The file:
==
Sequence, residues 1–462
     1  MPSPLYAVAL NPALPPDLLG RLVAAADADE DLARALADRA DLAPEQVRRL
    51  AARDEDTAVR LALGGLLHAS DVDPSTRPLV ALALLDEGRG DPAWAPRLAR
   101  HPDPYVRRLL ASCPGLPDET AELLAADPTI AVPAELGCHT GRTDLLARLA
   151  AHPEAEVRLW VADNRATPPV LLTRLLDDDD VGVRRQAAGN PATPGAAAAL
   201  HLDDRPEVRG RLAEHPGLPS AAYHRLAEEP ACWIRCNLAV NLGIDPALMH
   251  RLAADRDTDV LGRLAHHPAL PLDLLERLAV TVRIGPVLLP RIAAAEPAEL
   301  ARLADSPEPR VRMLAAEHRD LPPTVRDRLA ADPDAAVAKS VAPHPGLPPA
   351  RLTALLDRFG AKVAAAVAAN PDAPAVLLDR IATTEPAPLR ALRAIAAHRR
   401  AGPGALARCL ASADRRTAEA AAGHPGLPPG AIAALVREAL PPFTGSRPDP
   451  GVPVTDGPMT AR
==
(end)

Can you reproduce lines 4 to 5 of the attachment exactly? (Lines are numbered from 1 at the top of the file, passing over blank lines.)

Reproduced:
   101  HPDPYVRRLL ASCPGLPDET AELLAADPTI AVPAELGCHT GRTDLLARLA
   151  AHPEAEVRLW VADNRATPPV LLTRLLDDDD VGVRRQAAGN PATPGAAAAL